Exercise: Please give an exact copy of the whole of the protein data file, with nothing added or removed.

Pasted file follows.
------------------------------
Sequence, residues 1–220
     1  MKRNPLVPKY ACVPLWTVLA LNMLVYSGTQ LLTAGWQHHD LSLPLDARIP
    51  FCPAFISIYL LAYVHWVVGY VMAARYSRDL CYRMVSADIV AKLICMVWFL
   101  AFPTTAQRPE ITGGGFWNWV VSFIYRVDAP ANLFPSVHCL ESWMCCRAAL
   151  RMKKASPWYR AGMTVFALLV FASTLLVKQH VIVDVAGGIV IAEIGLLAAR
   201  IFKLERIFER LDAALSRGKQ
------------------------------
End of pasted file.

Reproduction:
Sequence, residues 1–220
     1  MKRNPLVPKY ACVPLWTVLA LNMLVYSGTQ LLTAGWQHHD LSLPLDARIP
    51  FCPAFISIYL LAYVHWVVGY VMAARYSRDL CYRMVSADIV AKLICMVWFL
   101  AFPTTAQRPE ITGGGFWNWV VSFIYRVDAP ANLFPSVHCL ESWMCCRAAL
   151  RMKKASPWYR AGMTVFALLV FASTLLVKQH VIVDVAGGIV IAEIGLLAAR
   201  IFKLERIFER LDAALSRGKQ